Housing Units (2000): 32636
Land area (2000): 422.367990 sq. miles (1093.928025 sq. km)
Water area (2000): 162.802880 sq. miles (421.657505 sq. km)
Total area (2000): 585.170870 sq. miles (1515.585530 sq. km)
Located within: Georgia (GA), FIPS 13
Location: 31.187633 N, 81.496294 W
Glynn County, GA
Glynn is a small village and civil parish in the Mid and East Antrim Borough Council area of County Antrim, Northern Ireland. It lies a short distance south of Larne, on the shore of Larne Lough. Glynn had a population of 2,027 people in the 2011 Census.
Glynn is a village and a townland in County Antrim, Northern Ireland.
Glynn may also refer to one of the following:
Glynn is a surname. Notable people with the surname include:
- Bill Glynn (1925–2013), Major League Baseball player
- Brian Glynn (born 1967), retired National Hockey League player
- Camillus Glynn (born 1941), Irish politician
- Carlin Glynn (born 1940), American actress
- Derek Glynn (born 1983), Irish footballer
- Dominic Glynn (born 1960), British composer
- Eleanor Glynn (born 1986), British model
- Gene Glynn, American baseball player and coach
- Henry Richard Glynn (1768-1856), British admiral
- Ian Glynn (born 1928), British biologist
- James Glynn (1800–1871), U.S. Navy officer
- James P. Glynn (1867-1930), U.S. congressman from Connecticut
- Jeanne Glynn (1932-2007), television screenwriter
- John Glynn (1722–1779), English lawyer and Member of Parliament
- Martin H. Glynn (1871-1924), American politician
- Paddy Glynn (1855-1931), Australian Attorney General
Usage examples of "glynn".
Our best hope is to persuade Glynn, Raymond, and Millar that this case is just about one prisoner, Rennell Price, and nothing to get excited over.
Knowing that this vote could be decisive, Fini turned to Glynn with an expression far more imperative than imploring.
Elizabeth Burke, the clerk on whom Justice Glynn relied to monitor the death list, and shifted the conversation before Callista joined them.
But all Adam had learned from Elizabeth was that Glynn remained noncommittal.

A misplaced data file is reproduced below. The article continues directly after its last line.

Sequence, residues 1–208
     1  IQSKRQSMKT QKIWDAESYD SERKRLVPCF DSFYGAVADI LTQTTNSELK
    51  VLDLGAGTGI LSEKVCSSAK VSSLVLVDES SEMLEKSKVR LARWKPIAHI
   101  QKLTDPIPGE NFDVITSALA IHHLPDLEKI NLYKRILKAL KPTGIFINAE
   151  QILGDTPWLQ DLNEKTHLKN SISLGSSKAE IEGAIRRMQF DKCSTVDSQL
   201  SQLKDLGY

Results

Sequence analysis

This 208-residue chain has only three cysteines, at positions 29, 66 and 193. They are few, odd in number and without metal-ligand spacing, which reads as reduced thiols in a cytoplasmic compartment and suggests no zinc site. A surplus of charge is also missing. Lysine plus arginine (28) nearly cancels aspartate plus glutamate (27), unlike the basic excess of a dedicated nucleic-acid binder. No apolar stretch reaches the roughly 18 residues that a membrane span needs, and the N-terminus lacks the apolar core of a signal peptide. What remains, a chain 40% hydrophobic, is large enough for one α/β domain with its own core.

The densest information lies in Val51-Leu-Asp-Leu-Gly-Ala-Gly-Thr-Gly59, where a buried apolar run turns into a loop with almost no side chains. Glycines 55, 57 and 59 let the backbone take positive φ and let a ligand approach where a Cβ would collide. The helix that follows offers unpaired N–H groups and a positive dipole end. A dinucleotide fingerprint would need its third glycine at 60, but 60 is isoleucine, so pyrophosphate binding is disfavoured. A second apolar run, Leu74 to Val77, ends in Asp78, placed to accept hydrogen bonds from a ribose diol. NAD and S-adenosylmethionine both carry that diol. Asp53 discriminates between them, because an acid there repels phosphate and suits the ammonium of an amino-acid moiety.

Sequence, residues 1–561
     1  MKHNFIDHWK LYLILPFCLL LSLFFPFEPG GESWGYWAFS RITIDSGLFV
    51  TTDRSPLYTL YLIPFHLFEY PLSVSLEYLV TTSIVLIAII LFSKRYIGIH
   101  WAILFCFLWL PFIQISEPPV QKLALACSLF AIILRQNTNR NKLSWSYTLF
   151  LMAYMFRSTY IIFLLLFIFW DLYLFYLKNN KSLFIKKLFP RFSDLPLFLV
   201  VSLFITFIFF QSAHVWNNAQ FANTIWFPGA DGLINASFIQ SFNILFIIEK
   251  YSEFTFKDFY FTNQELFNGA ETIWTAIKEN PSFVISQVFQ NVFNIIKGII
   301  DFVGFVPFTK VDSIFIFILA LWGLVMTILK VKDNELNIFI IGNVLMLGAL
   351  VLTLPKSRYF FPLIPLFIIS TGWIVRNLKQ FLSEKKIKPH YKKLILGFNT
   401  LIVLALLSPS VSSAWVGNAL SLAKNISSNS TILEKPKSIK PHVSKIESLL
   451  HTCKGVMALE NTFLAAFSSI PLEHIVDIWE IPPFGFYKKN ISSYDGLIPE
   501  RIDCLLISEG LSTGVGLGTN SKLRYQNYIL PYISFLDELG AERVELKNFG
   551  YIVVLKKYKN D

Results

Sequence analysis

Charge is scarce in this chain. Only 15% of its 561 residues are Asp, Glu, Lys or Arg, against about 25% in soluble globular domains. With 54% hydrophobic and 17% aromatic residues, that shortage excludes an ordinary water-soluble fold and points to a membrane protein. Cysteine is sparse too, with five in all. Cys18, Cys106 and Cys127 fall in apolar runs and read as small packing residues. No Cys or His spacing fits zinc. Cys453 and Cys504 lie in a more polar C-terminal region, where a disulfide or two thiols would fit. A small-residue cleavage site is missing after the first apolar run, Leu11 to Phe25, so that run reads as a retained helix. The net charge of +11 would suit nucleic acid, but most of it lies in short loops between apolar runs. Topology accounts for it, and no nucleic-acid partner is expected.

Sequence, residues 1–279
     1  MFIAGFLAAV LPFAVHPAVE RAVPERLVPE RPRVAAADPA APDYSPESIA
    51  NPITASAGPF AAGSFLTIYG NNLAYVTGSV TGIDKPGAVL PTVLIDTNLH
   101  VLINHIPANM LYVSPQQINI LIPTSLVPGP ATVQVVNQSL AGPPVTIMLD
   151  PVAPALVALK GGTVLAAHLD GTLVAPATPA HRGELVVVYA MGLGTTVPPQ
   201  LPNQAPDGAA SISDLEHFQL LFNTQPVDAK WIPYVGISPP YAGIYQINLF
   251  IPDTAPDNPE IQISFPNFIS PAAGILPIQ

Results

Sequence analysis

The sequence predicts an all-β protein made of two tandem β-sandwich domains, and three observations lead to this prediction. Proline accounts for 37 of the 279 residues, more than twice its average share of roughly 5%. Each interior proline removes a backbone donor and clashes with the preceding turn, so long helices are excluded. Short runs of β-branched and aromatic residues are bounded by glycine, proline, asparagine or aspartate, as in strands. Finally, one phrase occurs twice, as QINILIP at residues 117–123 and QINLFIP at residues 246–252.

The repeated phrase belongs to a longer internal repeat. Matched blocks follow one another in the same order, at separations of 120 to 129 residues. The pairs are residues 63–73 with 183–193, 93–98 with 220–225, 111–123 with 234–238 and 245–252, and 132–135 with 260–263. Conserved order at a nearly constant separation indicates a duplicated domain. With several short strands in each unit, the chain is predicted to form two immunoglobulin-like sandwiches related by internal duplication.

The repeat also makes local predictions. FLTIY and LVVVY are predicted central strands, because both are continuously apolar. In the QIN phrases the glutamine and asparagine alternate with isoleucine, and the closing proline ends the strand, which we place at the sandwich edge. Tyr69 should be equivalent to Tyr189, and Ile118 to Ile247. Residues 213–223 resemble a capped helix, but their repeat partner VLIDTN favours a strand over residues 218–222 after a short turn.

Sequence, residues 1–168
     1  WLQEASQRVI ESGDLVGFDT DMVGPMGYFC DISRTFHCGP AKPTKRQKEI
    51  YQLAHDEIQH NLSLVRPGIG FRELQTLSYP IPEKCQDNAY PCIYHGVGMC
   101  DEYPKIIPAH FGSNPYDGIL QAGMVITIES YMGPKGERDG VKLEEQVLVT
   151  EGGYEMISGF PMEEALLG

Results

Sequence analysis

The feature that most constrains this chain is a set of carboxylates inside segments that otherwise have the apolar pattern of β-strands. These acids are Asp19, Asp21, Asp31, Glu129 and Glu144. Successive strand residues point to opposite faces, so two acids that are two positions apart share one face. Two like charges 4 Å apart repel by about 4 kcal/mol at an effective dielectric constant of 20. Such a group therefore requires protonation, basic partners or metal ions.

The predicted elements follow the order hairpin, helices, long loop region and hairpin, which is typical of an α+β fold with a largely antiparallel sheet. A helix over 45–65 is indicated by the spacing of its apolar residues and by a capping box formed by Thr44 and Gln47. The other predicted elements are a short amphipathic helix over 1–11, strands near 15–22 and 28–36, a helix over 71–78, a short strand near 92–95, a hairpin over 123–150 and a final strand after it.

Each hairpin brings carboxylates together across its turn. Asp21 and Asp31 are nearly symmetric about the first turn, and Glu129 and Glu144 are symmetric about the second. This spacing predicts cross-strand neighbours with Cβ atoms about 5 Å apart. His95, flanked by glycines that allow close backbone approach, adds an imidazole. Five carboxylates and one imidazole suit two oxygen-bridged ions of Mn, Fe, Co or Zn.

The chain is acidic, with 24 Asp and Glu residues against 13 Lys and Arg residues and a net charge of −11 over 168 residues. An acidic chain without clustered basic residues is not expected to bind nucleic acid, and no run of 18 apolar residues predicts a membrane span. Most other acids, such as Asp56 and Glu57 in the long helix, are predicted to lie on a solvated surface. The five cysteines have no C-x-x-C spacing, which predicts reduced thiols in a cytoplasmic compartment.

If he held his four votes, Caroline knew, all Fini needed was a vote from Justice Glynn or Raymond.
She handed the copies to Justice Glynn, who, taking one, passed them along to Justice Raymond.
Her antagonist had achieved his secondary aim: solidifying four votes against Rennell Price and identifying the two remaining sources, Raymond or Glynn, from whom he could secure the vote he needed to prevail.
Sitting to her right, Justice Glynn regarded Pell with a dubious frown.
To Chris Paget, three justices formed their own frieze of conflicting attitudes: Fini satisfied, Masters antagonized, Glynn torn and deeply troubled.
Ignoring this, Caroline addressed herself to Justice Glynn, a silent portrait of indecision.
Without overtly noting him, Fini leaned closer to Justice Glynn, speaking in a tone which combined regret with admonition.
Justice Glynn pondered this, eyes fixed on the green leather pad before him.
On the last Tuesday morning in June, all three Pagets watched an inscrutable Court, speaking through Justices Glynn, Raymond, and Ware respectively, announce decisions in three other cases.
Terri opened her eyes again and saw that Justice Glynn looked neither at Justice Fini nor at the Chief Justice but at the bench in front of him.
The Diehl kid and Doony Glynn are amusing themselves telling homosexuality jokes to Morris Hanley, who sits smoothing his hair with his fingertips, pretending to not even acknowledge, his left hand still bandaged.